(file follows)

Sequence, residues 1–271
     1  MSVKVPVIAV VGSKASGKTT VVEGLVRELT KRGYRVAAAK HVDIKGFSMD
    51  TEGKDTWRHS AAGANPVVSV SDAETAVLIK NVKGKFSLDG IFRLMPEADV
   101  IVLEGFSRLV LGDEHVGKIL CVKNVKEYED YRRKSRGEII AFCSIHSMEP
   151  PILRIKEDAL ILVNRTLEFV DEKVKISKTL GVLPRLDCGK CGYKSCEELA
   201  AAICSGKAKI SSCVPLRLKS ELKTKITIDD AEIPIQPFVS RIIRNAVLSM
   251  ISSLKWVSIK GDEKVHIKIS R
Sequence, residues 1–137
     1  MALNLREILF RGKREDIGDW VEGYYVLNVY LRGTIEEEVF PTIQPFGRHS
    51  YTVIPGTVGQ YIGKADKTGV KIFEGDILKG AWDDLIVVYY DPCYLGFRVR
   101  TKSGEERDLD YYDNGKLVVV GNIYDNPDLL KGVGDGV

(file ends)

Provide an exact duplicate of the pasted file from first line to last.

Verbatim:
Sequence, residues 1–271
     1  MSVKVPVIAV VGSKASGKTT VVEGLVRELT KRGYRVAAAK HVDIKGFSMD
    51  TEGKDTWRHS AAGANPVVSV SDAETAVLIK NVKGKFSLDG IFRLMPEADV
   101  IVLEGFSRLV LGDEHVGKIL CVKNVKEYED YRRKSRGEII AFCSIHSMEP
   151  PILRIKEDAL ILVNRTLEFV DEKVKISKTL GVLPRLDCGK CGYKSCEELA
   201  AAICSGKAKI SSCVPLRLKS ELKTKITIDD AEIPIQPFVS RIIRNAVLSM
   251  ISSLKWVSIK GDEKVHIKIS R
Sequence, residues 1–137
     1  MALNLREILF RGKREDIGDW VEGYYVLNVY LRGTIEEEVF PTIQPFGRHS
    51  YTVIPGTVGQ YIGKADKTGV KIFEGDILKG AWDDLIVVYY DPCYLGFRVR
   101  TKSGEERDLD YYDNGKLVVV GNIYDNPDLL KGVGDGV